The Michigan Cooperative Law Primer

Chapter Two: Comparisons to Other Forms of Home Ownership

        Much has been written and is available on the web that compares the various types of home ownership with cooperatives. Some of the more important differences are explained here. 

Responsibility for Repairs and Maintenance

        One of the most significant advantages to being a cooperative member flows from the fact that the corporation owns all of the property.  When something wears out, needs fixing or replacement, or is damaged, the coop member is not called upon to take care of it, or to personally pay for it. Rather, it rests with the cooperative to take care of it.

        Thus, the cooperative takes care of removing snow, fixing garbage disposals and leaky toilets, replacing roofs, and everything else that the property needs. In the case of a condominium, the owner has to take care of everything that goes wrong within the four walls of his or her unit.  A single family homeowner is responsible for everything – inside and outside.

        For busy or older cooperative members, this is a great relief. They do not worry about maintenance issues.  If something needs to be fixed, a work order is filled out and filed with the office.  A trained maintenance employee or contractor comes out and fixes the problem at no cost – directly – to the member.

Screening Prospective Members

        Another major advantage is the cooperative’s right to screen applicants. This means that before a person is allowed to acquire a membership in the cooperative and the corresponding right to live in a unit, he or she must submit to financial and other scrutiny.  There must be a demonstrated ability to pay the monthly carrying charge; and certain cooperatives may have income limitations. Some cooperatives go even further and investigate an applicant’s criminal history.  Applicants may also be subject to interviews.  All of these measures help protect the cooperative community from a financially or otherwise unstable person becoming a member.

        This stands in sharp contrast with every other form of home ownership.  A co-owner of a condo unit may freely sell his or her unit.  The condo association has no right to look into the new person’s background.  You, as a condo owner, may end up living next to a sex offender – with no recourse, except to move out.

Regulating the Conduct of Members

        A cooperative board has an unique ability to adopt rules and reg- ulations, in addition to those contained in the occupancy agreement, to address issues that arise within the cooperative community.  Once promulgated and distributed to each member, these rules can be enforced through the summary proceedings act, with a violator being subject to eviction. This does not require approval by the membership.

        In contrast, the condominium association is bound by the master deed and bylaws. This presents a dilemma when an unanticipated problem occurs: changes are up to the co-owners to approve. Thus, a meeting of the co-owners must be convened and the matter voted upon. Assuming this hurdle is overcome, the remedy is foreclosure through a cumbersome, time consuming process that can be expensive.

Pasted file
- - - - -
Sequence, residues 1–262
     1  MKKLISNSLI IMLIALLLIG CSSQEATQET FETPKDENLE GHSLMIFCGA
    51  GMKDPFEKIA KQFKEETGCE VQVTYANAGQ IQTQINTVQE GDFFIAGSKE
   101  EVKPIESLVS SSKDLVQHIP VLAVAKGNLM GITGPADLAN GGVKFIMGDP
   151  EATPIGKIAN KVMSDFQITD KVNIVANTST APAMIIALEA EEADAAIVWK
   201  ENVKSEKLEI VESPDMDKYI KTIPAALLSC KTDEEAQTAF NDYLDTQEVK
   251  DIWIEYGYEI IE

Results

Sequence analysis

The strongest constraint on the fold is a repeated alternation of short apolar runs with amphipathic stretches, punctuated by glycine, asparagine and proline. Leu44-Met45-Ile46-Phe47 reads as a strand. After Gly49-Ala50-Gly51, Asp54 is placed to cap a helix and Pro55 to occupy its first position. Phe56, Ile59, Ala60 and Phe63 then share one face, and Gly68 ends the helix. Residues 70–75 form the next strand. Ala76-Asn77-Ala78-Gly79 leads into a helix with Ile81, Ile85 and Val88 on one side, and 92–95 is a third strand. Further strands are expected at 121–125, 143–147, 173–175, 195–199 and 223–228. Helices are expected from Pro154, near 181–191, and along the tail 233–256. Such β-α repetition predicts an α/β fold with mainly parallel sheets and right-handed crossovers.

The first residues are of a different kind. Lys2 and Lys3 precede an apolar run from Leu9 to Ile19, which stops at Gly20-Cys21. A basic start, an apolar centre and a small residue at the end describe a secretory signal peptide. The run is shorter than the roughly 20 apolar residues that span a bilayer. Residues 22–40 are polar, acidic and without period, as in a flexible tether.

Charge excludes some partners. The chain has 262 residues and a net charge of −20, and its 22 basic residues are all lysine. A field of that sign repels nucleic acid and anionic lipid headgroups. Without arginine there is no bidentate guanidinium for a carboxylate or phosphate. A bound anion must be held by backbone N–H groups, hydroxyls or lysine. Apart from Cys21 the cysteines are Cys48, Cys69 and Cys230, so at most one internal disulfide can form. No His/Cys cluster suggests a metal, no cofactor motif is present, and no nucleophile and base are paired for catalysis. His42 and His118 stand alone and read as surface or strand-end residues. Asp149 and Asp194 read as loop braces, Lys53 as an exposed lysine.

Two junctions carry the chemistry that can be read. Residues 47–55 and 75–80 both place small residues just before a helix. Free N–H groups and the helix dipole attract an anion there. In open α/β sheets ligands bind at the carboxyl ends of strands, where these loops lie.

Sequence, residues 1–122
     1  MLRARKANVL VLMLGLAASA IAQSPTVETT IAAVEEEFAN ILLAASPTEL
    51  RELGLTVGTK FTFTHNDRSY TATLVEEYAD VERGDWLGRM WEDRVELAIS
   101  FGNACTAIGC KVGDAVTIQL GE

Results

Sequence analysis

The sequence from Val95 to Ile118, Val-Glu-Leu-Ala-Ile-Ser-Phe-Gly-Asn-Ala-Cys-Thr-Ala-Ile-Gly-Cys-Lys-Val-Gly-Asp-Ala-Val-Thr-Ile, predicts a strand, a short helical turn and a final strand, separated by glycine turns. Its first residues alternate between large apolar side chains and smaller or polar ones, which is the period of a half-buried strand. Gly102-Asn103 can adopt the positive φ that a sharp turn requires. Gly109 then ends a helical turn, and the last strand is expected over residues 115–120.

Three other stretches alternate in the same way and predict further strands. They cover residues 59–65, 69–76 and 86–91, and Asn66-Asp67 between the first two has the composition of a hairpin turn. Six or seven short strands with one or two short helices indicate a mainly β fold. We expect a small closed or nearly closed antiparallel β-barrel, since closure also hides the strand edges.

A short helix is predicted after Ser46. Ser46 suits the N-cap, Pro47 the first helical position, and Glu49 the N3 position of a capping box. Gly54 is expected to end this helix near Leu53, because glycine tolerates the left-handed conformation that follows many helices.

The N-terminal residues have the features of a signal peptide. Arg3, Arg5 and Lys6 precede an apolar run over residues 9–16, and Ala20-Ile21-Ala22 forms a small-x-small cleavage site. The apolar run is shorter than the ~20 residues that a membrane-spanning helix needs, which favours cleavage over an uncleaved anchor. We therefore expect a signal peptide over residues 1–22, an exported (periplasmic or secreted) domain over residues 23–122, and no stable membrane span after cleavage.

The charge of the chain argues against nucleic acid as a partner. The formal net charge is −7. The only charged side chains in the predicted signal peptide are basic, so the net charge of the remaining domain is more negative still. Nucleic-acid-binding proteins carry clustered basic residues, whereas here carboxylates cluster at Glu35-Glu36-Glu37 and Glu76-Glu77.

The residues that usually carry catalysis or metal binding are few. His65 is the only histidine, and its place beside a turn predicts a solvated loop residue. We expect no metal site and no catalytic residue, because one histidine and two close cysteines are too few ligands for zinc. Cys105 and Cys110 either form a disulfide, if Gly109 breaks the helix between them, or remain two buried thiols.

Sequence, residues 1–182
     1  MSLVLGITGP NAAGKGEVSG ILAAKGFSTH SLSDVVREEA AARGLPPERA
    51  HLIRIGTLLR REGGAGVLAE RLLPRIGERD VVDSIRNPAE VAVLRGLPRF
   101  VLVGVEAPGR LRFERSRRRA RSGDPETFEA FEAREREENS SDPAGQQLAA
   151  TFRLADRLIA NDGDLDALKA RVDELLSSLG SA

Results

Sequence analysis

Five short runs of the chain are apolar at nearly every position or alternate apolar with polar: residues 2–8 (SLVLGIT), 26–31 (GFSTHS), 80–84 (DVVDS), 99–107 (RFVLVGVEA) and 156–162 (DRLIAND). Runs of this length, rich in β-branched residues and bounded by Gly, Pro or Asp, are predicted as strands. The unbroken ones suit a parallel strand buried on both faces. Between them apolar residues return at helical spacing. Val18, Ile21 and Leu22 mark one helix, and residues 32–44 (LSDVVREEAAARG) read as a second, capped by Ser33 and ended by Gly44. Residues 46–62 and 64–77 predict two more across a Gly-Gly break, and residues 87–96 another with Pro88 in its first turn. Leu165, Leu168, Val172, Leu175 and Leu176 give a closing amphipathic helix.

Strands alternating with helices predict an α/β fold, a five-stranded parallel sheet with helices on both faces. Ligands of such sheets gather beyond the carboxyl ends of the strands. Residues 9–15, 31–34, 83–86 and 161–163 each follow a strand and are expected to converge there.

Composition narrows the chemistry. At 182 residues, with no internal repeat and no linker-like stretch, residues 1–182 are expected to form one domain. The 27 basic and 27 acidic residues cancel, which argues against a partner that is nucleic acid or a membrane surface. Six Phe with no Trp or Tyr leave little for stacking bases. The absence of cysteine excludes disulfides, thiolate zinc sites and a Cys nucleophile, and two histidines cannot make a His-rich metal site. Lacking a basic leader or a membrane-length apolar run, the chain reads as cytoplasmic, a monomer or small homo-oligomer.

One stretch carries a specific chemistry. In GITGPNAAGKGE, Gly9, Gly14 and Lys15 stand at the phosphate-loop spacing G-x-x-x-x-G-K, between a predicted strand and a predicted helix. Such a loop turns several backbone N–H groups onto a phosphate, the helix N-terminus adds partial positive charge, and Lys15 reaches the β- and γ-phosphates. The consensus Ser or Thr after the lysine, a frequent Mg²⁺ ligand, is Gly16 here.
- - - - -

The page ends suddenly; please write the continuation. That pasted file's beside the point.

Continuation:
Policing the Rules

        Whether it is the regulations that govern a member’s conduct, or the requirement that financial obligations be paid, the cooperative has a huge advantage over a condominium association.  Under Michigan law, a cooperative has the right to invoke the “Summary Proceedings Act” which is the ability to use the landlord-tenant laws to evict a member who does not pay or creates a disturbance, or otherwise fails to abide by the rules.

        No such right exists for a condominium association. Its recourse – in the event that monthly payment is not made, is to place a lien on the unit of the defaulting co-owner and to exercise foreclosure rights. The problem with this remedy is that it is much longer and costly.  It could take thousands of dollars and more than half a year to achieve the same result as a cooperative can obtain in a matter of weeks.

        While more is written below on the specifics of the cooperative’s remedies for dealing with members who fail to pay or violate the rules, suffice it to say at this juncture that a clear and distinct advantage exists here for cooperatives.

Financing Availability

        Since a cooperative owns the entire property, it is in a much bet- ter position to obtain loans.  This becomes important when major expenditures are needed, such as interior renovations, roof repairs and the like.  Lenders want collateral, and the property serves as a nice way of providing security for mortgage loans.  This is usually not available to condo associations, since they typically do not own extensive amounts of property – as the condo co-owners own their units. Thus the condo association has little to offer in the way of collateral.

        On the other hand, at present time, a condo co-owner does have an advantage over a coop member, in terms of the ability to finance the acquisition of his or her unit.  A condo co-owner may use his or her unit as collateral for a loan by which the loan proceeds are used to pur- chase the unit.  In the case of a coop, a member does not have legal title to his or her unit and, therefore, is unable to offer it as collateral.

        Over time, and as our efforts to educate lenders on the intricacies of coop law continue, we expect them to start making share loans.  Indeed, there are certain lenders willing to do so now.  But the practice is not yet widespread, unlike in New York where some of the more expensive housing is in the form of a coop unit and lenders there are quite familiar with the ins and outs of share loans.

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